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Law360 (February 2, 2021, 5:02 PM EST) -- The U.S. Food and Drug Administration on Tuesday said it had fired off warning letters to three online sellers of malaria drug hydroxychloroquine over unfounded claims that it can treat or prevent COVID-19.
In the warning letters, dated Jan. 28, the FDA said it had visited the websites — www.rx2go.com, www.buy‐pharma.md and www.sandra‐pharma.is — earlier that month and saw they offered hydroxychloroquine as a treatment or cure for the novel coronavirus, which is not an FDA-approved application of the drug. They also hawked an antibiotic called azithromycin as a cure for COVID-19, which is a prescription-only drug labeled for treating mild to moderate bacterial infections, such as conjunctivitis, according to the letters.
Sales of these unapproved drugs are violations of the Federal Food, Drug and Cosmetic Act, the letters said.
One of the websites, www.sandra-pharma.is, said both hydroxychloroquine and azithromycin have been used to cure COVID-19 patients in the U.S. and "many other countries in the world," the FDA said.
That website and www.buy-pharma.md were offline as of Tuesday. Representatives for www.rx2go.com didn't immediately respond to request for comment.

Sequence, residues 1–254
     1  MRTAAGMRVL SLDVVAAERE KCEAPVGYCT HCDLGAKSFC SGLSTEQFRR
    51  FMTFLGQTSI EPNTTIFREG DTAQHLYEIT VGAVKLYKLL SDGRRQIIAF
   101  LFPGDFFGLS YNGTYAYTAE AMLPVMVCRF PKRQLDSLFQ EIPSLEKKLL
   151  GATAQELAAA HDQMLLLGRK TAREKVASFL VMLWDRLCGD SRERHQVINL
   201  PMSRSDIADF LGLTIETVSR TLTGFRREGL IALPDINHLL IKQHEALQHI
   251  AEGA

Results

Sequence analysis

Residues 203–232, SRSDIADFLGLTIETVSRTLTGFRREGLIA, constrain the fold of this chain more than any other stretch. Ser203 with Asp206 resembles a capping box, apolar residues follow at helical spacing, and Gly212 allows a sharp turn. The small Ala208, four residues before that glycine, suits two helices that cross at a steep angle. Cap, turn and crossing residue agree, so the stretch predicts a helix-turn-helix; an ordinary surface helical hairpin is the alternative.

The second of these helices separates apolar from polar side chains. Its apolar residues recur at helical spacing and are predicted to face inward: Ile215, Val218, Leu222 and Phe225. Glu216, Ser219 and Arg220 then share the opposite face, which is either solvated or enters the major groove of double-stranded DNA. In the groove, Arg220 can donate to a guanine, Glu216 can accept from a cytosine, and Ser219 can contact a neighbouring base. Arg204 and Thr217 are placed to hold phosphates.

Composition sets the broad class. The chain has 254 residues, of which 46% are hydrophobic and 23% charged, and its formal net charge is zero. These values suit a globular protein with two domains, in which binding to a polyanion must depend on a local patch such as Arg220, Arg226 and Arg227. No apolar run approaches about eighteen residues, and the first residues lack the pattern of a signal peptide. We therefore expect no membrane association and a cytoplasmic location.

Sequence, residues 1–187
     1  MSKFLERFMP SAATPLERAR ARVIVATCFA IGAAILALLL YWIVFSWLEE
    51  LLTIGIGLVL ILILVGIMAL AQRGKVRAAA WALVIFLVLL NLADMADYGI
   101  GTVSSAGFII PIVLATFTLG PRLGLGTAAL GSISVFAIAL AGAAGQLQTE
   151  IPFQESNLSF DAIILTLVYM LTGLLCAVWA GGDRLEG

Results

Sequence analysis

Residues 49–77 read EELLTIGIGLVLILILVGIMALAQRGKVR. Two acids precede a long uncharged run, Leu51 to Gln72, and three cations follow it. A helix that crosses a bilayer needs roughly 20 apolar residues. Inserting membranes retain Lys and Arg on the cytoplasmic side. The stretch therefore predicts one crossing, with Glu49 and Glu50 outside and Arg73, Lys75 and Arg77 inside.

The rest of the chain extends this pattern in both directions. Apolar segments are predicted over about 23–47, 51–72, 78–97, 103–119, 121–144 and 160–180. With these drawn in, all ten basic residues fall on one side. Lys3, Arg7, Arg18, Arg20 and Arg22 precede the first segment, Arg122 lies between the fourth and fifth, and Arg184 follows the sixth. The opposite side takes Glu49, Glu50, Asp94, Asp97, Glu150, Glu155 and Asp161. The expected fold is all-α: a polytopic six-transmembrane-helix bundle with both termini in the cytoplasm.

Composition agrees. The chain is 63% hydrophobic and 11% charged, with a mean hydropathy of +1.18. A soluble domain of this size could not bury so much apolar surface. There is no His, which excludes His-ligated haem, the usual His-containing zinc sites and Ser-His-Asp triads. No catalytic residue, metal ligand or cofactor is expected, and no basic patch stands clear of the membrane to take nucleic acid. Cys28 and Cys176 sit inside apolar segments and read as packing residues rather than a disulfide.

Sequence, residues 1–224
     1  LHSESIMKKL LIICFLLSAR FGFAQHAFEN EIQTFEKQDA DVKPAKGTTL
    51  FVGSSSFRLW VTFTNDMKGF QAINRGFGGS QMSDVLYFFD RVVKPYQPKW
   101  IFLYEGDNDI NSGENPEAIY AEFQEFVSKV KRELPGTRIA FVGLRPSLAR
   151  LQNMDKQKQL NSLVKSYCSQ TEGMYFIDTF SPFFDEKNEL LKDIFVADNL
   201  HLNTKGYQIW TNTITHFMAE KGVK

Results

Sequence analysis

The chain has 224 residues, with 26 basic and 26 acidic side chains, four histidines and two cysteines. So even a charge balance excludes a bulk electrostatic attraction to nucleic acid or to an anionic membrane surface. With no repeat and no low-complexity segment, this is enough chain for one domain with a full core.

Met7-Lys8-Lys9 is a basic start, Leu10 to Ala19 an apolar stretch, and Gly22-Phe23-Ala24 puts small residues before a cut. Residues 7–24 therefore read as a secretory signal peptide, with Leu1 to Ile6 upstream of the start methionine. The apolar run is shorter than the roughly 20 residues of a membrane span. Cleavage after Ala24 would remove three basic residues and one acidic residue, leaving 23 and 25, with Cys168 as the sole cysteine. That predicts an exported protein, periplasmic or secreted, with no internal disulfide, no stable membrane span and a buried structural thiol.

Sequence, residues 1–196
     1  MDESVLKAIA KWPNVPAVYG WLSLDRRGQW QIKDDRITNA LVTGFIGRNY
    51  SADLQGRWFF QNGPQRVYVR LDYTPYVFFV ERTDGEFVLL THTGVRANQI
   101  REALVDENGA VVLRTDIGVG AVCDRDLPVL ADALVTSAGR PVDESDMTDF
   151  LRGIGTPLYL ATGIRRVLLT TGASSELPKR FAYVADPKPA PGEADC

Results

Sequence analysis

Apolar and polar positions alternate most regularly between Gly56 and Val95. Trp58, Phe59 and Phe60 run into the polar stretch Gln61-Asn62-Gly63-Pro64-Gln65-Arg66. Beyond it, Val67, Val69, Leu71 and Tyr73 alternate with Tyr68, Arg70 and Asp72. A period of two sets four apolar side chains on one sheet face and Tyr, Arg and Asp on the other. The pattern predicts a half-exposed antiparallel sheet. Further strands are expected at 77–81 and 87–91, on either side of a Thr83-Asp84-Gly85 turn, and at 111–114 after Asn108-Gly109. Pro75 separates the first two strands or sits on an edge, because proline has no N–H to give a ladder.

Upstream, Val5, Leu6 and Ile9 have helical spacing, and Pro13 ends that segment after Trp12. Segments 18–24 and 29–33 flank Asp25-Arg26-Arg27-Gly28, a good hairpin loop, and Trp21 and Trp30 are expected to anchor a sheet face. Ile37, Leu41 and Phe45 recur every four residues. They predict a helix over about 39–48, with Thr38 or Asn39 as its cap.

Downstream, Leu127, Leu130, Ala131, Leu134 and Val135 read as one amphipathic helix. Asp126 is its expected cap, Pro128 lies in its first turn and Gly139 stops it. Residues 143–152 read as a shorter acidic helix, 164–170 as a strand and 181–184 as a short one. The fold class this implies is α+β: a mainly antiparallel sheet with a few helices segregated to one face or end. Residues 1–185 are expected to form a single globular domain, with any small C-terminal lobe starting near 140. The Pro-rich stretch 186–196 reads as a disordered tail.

"Drugs that have circumvented regulatory safeguards may be contaminated, counterfeit, contain varying amounts of active ingredients, or contain different ingredients altogether," the FDA said. "We request that you cease the sale of any unapproved and misbranded products, whether for the mitigation, prevention, treatment, diagnosis, or cure of COVID‐19, or any other disease for which the drugs you are selling are not approved by FDA for distribution in the U.S."
The FDA requested that the companies respond within 48 hours with the steps taken to correct the violations.
Early in the pandemic, former President Donald Trump touted without evidence that hydroxychloroquine was a "game changer" in treating the coronavirus.
After Trump boosted the drug in April, later that month the FDA warned that the malaria drug had been reported as causing life-threatening heart rhythm problems.
At the time, hydroxychloroquine and another malaria drug were being used as a treatment in limited circumstances under an emergency use authorization, or EUA, for adolescent and adult patients.
Two months later, the agency revoked the EUA, warning that they're probably not effective against it and may even interfere with a coronavirus drug sold by Gilead Sciences Inc.
The agency said new research revealed that the drugs "are unlikely to be effective in treating COVID-19 for the authorized uses in the EUA," adding that "the totality of scientific evidence currently available indicate a lack of benefit."
The risk of side effects may increase when the drugs are combined with other drugs currently being used to treat COVID-19, according to the agency.
Patients with other health issues, such as heart and kidney disease, are likely to be at increased risk of heart problems when taking hydroxychloroquine and chloroquine, the FDA added.
The FDA has continued to send out warnings throughout the pandemic over unbacked claims that products can treat or cure COVID-19, most recently targeting sellers of stem cell products and dental rinses in November.
--Editing by Stephen Berg.
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